A 64-year-old patient who went to the hospital complaining of back pain and fever has died after doctors pulled a 7.8-inch blood clot in the shape of a bronchial tube from his lungs. While it wasn’t the procedure that killed him, he had been suffering from breathing difficulties and low blood pressure and was coughing up blood, according to his doctors’ accounts, which were published in BMJ Case Reports.
He was placed in the Imperial College Healthcare NHS Trust intensive care unit, in London, where he was receiving treatment for sepsis and was on a ventilator. A CT scan revealed lesions on his brain and another revealed pulmonary edema, and he was also suffering from a severe staph infection at the time.
After he began coughing up blood, doctors discovered through a bronchoscopy that he had a “large pale blood clot” stuck inside his breathing tube and attempted several times to remove it through suction but were unsuccessful.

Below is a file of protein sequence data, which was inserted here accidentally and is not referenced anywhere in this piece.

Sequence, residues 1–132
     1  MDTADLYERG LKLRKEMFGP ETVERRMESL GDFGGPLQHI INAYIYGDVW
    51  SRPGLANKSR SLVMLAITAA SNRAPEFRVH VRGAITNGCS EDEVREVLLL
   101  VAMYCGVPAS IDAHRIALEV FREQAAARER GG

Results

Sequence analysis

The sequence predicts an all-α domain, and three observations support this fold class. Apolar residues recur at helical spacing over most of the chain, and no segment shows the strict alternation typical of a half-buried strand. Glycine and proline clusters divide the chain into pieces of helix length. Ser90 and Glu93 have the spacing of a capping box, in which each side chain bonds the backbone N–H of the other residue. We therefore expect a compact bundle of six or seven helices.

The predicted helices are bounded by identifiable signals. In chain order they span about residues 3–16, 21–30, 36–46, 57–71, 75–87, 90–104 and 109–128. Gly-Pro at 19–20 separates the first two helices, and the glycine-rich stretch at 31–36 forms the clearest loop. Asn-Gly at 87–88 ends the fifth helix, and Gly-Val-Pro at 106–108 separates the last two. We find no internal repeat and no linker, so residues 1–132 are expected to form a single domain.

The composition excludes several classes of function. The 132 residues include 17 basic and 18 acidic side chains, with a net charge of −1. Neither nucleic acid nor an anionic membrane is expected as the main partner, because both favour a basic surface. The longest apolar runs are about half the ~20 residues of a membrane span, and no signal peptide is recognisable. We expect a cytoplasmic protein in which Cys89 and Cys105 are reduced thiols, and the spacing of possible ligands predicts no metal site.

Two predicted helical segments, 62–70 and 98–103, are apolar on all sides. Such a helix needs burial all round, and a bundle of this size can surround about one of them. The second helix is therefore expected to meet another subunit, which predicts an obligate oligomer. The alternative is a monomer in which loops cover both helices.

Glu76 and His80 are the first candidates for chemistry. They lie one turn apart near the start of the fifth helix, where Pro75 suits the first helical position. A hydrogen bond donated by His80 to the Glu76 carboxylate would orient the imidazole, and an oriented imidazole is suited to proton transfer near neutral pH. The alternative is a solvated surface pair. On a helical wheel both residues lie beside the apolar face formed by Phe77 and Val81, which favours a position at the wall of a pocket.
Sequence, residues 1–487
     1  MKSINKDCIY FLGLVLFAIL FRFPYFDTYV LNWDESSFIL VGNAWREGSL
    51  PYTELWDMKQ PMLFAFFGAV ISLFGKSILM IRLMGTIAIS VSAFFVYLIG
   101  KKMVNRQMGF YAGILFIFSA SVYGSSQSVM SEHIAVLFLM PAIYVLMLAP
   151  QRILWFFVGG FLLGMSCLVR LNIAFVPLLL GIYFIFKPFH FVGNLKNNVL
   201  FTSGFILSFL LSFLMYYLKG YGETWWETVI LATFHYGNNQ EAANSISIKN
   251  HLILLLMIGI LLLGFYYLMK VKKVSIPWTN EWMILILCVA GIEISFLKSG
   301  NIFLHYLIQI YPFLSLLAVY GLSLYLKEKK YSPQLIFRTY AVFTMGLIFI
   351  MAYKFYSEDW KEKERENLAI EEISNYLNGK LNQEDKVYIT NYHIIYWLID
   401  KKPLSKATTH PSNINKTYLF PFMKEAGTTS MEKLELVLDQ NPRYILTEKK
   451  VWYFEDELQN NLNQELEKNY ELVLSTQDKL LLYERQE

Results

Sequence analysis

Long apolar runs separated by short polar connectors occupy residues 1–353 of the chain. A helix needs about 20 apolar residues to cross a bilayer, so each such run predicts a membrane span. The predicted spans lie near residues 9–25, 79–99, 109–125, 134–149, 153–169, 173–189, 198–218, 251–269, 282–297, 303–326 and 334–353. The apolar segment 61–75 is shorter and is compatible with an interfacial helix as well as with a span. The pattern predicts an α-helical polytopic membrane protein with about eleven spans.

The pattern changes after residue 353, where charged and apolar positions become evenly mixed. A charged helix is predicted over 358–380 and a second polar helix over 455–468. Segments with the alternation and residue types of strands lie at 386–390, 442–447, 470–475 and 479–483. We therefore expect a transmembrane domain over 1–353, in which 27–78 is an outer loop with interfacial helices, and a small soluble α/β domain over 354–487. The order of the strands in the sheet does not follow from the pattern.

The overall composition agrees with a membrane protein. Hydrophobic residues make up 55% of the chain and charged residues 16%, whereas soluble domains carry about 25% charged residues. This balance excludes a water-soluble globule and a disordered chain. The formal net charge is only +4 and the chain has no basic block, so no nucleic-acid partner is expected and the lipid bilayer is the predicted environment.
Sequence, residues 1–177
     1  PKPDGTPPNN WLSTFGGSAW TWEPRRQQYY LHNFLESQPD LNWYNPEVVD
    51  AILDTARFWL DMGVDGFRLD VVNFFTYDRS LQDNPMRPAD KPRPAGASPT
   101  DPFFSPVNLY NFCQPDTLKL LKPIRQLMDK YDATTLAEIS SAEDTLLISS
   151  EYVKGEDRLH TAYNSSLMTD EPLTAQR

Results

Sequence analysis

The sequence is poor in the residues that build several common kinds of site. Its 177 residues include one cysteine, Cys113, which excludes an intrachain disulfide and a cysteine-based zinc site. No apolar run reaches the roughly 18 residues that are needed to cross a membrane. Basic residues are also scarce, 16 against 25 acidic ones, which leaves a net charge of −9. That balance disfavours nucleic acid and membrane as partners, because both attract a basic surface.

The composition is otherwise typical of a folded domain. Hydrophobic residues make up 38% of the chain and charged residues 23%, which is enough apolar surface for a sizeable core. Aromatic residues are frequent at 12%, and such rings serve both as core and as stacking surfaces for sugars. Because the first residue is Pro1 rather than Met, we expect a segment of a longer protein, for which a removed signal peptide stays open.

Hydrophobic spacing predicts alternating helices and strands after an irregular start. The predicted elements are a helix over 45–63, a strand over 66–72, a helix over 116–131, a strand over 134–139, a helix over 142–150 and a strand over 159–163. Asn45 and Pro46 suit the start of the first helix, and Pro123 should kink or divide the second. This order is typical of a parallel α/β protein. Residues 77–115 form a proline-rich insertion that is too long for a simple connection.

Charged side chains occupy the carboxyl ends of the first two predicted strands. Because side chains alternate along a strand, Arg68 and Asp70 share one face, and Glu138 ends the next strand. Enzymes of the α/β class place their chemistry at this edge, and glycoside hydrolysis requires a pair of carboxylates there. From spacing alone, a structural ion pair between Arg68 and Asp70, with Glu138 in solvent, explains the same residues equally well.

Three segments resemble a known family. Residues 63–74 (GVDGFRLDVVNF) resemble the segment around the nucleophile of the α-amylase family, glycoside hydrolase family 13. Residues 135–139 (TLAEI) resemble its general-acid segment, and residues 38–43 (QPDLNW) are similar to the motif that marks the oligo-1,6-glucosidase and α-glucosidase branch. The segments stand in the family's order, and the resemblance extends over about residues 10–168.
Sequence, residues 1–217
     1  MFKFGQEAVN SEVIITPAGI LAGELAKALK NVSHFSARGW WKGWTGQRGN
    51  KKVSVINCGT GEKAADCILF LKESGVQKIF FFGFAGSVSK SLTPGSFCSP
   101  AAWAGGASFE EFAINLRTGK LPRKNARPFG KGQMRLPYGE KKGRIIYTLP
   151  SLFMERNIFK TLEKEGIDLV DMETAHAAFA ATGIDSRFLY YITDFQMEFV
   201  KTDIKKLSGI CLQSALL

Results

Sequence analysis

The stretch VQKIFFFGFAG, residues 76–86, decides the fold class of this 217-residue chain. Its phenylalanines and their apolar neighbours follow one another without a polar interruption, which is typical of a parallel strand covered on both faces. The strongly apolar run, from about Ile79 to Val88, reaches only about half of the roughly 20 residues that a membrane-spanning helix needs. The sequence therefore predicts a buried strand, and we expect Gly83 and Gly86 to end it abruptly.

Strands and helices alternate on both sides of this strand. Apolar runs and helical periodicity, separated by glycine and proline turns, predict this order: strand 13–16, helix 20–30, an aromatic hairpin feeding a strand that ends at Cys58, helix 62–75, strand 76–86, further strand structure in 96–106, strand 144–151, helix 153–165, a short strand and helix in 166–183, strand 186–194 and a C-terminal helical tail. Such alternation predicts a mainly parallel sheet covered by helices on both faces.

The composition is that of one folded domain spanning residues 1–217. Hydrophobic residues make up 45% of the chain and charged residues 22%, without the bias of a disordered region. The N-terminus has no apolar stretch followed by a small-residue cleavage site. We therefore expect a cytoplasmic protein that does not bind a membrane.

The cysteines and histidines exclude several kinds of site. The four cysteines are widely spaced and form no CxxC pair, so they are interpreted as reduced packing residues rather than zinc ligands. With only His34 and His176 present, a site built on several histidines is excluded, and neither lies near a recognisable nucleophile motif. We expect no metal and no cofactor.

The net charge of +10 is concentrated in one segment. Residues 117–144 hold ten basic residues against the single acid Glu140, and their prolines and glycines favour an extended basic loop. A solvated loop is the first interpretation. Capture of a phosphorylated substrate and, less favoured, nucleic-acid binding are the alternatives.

“Owing to the time of night, the resources required for rigid bronchoscopy were unavailable,” his doctors wrote in the case report. “Having verified a grade I view of the epiglottis, the patient was paralyzed, sedated and extubated under suction in an effort to remove the ETT and contiguous clot.”
The removal was a success and his breathing improved immediately, but he could not recover from his various other ailments, which included bowel cancer. His family agreed to turn off life support and he died shortly after.
Photos of the procedure show the blood clot attached to the end of the endotracheal tube once removed from the patient’s chest. Another shows the clot had formed in a perfect cast of the bronchial tube, and measured longer than his doctor’s finger.